Brother Boomer recently told Mister B that he was so fascinated by the Space Race that he wanted to make his career in aeronautics, with a goal of working on space vehicles. Unable to gain access to relevant college courses in his area, he became a mechanical engineer instead. How many times did that story of inspiration repeat itself to shape the careers of other boomers?

There are many historical events that occurred during the boomer years, but the moon landing has to be at or near the top of the list. As a result, every boomer can answer, “Where were you when men walked on the moon?”

What’s your moon story, boomers?

Boomers Got Little Information About D-Day and WWII

This past week marked the 75th anniversary of D-Day, June 6, 1944. It ushered in the beginning of the end of World War II in Europe and set the stage for the Boomer Generation that followed. The first boomers were born one year after the War, so memories were fresh in the minds of all adults. Yet, for most boomers, the subject of the war was rarely spoken of, if ever, in their families.

In talking to fellow boomers through the years, it is Mister Boomer’s experience that their parents — and grandparents — did not want to talk about the War. That was a closed chapter and things were moving forward; it was a new, hopeful age. Consequently, many boomers were raised without knowing what, if any, involvement their parents may have had in D-Day and World War II. Mister Boomer’s family was fortunate to not lose a family member during the War, so that fact allowed his relatives to maintain the level of silence that they wanted. An exception to the rule was a friend of Mister B’s. He knew his father was a Marine at Iwo Jima, though not once did the man speak of it in front of his son’s friends. He was a man of few words to begin with, so that did not appear strange to Mister B at the time.

In the late 1950s and early ’60s, neighbor friends of Mister B played with an army helmet, and once, one did a show-and-tell by furtively producing a bayonet that he said belonged to his father. To many boomer boys, WWII was what they saw in the movies and TV shows, like Combat! (1962-67).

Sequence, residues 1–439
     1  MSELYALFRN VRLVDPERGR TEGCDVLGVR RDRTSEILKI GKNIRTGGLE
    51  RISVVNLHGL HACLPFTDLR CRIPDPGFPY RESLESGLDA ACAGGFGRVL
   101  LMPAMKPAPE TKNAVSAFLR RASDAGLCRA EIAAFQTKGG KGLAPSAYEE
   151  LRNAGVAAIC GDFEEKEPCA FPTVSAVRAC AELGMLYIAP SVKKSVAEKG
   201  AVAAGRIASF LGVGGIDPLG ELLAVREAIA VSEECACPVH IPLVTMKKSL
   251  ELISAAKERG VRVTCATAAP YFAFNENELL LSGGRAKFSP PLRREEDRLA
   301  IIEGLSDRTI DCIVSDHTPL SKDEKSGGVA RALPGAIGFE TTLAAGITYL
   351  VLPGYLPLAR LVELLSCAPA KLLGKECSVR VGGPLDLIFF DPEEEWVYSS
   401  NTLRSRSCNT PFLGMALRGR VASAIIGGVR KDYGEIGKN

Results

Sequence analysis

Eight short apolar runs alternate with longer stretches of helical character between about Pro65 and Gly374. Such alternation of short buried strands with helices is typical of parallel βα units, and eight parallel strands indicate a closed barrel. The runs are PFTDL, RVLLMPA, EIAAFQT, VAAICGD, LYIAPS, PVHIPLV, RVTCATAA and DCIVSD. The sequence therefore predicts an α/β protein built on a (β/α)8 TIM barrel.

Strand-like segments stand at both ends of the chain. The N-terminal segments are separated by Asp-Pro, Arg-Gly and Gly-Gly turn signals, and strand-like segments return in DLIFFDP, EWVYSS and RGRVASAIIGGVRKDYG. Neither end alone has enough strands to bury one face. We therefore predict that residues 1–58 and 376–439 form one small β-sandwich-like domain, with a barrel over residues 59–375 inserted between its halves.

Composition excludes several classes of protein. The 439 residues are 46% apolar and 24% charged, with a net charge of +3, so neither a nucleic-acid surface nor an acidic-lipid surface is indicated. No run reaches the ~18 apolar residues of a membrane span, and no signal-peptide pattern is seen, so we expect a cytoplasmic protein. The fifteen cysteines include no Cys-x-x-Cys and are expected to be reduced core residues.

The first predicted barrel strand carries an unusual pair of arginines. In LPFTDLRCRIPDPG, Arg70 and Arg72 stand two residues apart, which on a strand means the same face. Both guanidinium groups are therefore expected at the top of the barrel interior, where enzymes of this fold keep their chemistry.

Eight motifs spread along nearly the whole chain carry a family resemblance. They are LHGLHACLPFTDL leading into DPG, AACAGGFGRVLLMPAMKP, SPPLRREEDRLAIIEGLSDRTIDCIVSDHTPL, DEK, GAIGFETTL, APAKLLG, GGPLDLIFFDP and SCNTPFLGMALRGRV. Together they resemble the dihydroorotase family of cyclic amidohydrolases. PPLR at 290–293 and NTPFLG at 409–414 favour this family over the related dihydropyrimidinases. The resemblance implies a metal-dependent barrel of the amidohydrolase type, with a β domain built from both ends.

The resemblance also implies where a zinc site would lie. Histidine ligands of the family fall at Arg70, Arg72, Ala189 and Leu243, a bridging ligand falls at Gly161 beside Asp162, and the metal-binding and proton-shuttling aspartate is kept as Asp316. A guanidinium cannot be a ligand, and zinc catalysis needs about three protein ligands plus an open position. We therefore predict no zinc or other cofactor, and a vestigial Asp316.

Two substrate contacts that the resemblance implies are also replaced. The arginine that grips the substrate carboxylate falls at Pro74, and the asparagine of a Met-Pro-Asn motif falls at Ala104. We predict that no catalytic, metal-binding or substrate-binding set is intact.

Mister Boomer knew four of his uncles were in the army, but it wasn’t until he was in college that he learned anything other than that. There was a point where two of his maternal uncles no longer kept silent, and talked generally about their experiences in an artillery division. Looking back, it probably coincided with the last of their children reaching high school age. Nonetheless, details were few.

Years later, Mister B discovered two of his paternal uncles had fought in Europe, and one was there in Normandy. Only in recent years did he get information from a cousin that her father was a participant in D-Day. Mister B’s uncle was not infantry, but was more likely to be involved with setting up field headquarters immediately after the landing.

As for Mister Boomer’s father, he was drafted late in the war, and was fortunate enough to not see combat. However, he did not speak of his service, nor that of his brother and brother-in-law, until Mister Boomer was old enough to drink with them at the kitchen table. The topic of the War was something they wanted to keep to themselves. It’s possible they spoke to each other in the family’s native language, and the boomer kids would not have known. After all, they purposely kept their kids from learning to speak their parents’ language. All the better to say things around the kids without them knowing what was being said. “You’re an American,” was the only excuse they would give for not teaching the kids their native tongue. Mister B can’t help but think their War experiences fed into the desire that their children blend in.

Reports featuring soldiers who fought in WWII often show the men remembering fallen comrades, but little details of what they had endured themselves. Most downplayed their involvement, even when their boomer children came across medals or purple hearts. Now we are in a time when there are fewer eyewitnesses remaining to tell those tales. If you learned of any during your lifetime, boomers, pass the stories on to your relatives, children and grandchildren. They deserve to know the sacrifices that were made for the Boomer Generation and generations that followed. With humility and gratitude, Mister Boomer salutes you.

Did your parents speak about the War when you were young, boomers?